Sept 18 2007
In Memory...
Julian Mann
Murphy Taylor
Horace Pope
Special Thanks to ML Blalock and DHS Friends for help with this memorial.
vietnam man
AgapeCoffeeHouse After Nam many soldiers were stationed in Germany, many of us in Wuerzburg, Germany where we hung out at the Agape coffee house.

says tribute to classmate

Harry Green died a couple of weeks ago. He was a beloved member of the Dunn High School Class of 1956.

Harry was a couple of years ahead of me in High School but always hung out with my class and buddies for some reason. It might have been that he felt more comfortable with us.

Harry had his drivers license and on occasion a car and was a welcome addition to a group of testosterone maxed-out boys.

We hung out at Harry's house often. His Mom had a "drinking" problem, I think, although at the time, we didn't have a clue what any of that meant. It was simply a neat place to hang; we had little supervision which allowed us to be slightly over the top, i. e., taking a sip or two of beer-pretending it was great when in fact, it was awful.

Harry kind of raised himself. I really donít know much about him after High School because we all scattered; but, for those moments in time, during High School, he was great and our hero.

Below is a story about Harry Green...

wave with dunn high emblem



One night, we are in Harry's (we called him Sniff) Mom's big old 98 Olds. (This is a story that is essentially told by Bobby Nordan.) We are just "tooling" around and decide to go to the little town of Falcon.

Falcon is the State Headquarters for the Pentecostal Holiness Church.(My brother owned a big grocery store in the community.)

We knew some girls and were always joking about the Camp Meetings held every summer.

The shouting and speaking in tongues kind of intrigued us. Plus, we told rampant lies about the girls to our classmates about their shouting and speaking in tongues. Mainly it was our imagination but we were only fourteen or fifteen.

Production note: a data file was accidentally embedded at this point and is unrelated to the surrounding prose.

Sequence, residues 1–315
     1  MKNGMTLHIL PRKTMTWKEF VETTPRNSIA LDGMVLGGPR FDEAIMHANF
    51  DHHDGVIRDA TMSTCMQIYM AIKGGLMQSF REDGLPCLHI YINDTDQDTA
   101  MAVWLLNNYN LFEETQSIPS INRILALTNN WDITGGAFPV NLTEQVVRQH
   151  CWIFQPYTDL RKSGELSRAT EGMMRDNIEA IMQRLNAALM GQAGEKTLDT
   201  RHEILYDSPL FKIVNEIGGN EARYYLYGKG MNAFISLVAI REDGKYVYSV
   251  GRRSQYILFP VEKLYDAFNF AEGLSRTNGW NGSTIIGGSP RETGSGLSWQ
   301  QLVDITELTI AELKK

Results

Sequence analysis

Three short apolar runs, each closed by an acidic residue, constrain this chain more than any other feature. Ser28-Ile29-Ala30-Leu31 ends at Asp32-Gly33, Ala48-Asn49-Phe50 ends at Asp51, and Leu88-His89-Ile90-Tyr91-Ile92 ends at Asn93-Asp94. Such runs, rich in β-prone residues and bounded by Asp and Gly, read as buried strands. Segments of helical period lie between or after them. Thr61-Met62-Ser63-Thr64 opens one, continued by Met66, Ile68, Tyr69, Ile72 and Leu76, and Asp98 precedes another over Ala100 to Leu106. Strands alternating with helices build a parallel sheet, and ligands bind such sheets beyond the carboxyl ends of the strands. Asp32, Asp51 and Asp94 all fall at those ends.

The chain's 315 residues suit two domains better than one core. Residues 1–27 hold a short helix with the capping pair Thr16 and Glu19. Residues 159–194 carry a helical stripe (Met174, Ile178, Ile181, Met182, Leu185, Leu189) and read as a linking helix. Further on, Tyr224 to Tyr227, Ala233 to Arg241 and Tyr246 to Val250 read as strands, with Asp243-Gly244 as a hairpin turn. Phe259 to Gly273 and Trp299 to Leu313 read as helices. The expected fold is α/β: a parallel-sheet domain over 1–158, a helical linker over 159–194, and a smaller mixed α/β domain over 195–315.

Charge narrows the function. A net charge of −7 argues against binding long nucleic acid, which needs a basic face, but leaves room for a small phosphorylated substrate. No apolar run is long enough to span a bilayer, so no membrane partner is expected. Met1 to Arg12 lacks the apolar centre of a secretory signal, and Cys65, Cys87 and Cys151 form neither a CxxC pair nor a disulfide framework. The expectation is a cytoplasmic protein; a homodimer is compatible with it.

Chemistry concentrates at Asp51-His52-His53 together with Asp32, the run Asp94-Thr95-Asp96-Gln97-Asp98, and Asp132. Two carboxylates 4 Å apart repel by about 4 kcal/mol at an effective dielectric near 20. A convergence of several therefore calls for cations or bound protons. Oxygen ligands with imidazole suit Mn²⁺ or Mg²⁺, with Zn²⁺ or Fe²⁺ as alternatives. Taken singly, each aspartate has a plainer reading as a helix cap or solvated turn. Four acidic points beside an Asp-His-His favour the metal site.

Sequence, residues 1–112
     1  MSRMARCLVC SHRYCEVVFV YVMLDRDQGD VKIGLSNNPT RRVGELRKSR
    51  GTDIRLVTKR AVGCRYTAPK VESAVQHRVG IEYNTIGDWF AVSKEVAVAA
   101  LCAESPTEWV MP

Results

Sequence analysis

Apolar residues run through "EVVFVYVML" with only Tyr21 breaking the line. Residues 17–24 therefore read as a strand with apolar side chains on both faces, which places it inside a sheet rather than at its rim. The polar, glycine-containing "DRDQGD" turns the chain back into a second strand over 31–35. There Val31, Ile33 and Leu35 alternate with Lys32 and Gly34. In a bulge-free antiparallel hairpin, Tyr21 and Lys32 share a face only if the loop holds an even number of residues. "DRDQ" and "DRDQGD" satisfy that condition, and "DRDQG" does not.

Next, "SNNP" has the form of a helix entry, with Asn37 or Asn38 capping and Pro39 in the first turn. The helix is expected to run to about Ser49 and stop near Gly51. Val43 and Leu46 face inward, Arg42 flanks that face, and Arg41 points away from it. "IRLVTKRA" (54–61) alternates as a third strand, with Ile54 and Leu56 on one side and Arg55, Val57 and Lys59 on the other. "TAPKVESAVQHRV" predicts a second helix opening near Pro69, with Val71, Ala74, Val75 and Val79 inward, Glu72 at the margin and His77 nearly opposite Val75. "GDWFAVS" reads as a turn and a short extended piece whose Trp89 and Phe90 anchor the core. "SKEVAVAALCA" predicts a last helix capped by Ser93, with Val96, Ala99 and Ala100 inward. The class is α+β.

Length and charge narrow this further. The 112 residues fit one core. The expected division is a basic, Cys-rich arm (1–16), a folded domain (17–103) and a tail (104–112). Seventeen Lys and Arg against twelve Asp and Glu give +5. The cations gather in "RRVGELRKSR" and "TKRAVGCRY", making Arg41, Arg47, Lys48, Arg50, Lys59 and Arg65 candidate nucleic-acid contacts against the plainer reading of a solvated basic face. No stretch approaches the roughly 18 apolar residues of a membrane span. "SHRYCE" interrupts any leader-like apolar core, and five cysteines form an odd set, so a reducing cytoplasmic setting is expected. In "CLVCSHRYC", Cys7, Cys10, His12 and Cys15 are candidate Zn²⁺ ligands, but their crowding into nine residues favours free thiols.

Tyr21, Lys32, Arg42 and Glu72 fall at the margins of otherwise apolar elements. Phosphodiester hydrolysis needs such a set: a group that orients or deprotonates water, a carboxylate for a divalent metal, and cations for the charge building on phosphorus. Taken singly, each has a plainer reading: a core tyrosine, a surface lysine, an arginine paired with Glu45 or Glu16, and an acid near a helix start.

Like I said, we arrive at Falcon. I think that Bobby and I are in the back seat and Sherwood Lucas is in the front while Sniff is driving. We drive by the girls' houses, but don't have the courage to stop.

Bobby and I got to tussling in the back as boys do. Sniff turned around to look at us and the next thing we know, we have crossed a ditch and knocked down a light pole.

The entire front of his Mom's Olds was damaged and suddenly the entire community of Falcon goes completely dark. Bobby looks at the car and takes off running down the street. Somehow we get the car turned around, find Bobby, and take off back to town.

It definitely is one of those "you had to be there" stories. I'm not sure how we passed the car off with a giant dent in the front, but Bobby says we told that someone backed into us at the movies. And, the wonderful little community of Falcon didn't get their lights back on for days.

about grief



The following commentary was contributed by a friend which seems appropriate for Harry's Memorial:


I keep thinking the problem isn't with dying, which all of us do sooner or later and which, really, we're born to do...it's with how we view the dying, the loss.

The Irish celebrate someone's life with drink and stories -- but, heck, they do that all the time anyway. I don't have enough active brain cells to phrase this well, but if we were all taught to accept or even welcome death (certainly not the pain that so frequently accompanies it) as an incredible journey, or even the ultimate trip - like getting on a plane and going on a vacation that turns out to be so perfect that you can't even believe it.

I'm rambling, and I know the feelings of loss that the survivors have in losing a loved one (wow, do they ever) - but shouldn't we welcome the passage back Home? And since so few do, don't we need a societal shift to think of death in a better light? Maybe we don't welcome death because all we know of it is what the survivors feel, which is a loss beyond words. ES


My friendís comments are wonderful and relate to my sadness in the passing of my good friend, Harry, who meant so much to me at a young age. What we miss is our loved one's presence.

Death is so final. The person we have known is gone, literally gone and no return. It is why saying "goodbye" is important. I'm sorry I didnít get a chance to say so long to Sniff. Harry, here it is, travel well my good friend. jda

All members of the Dunn High School class of 1958, visit the, site www.dunnhighclassof58.wetpaint.com and post your memories.




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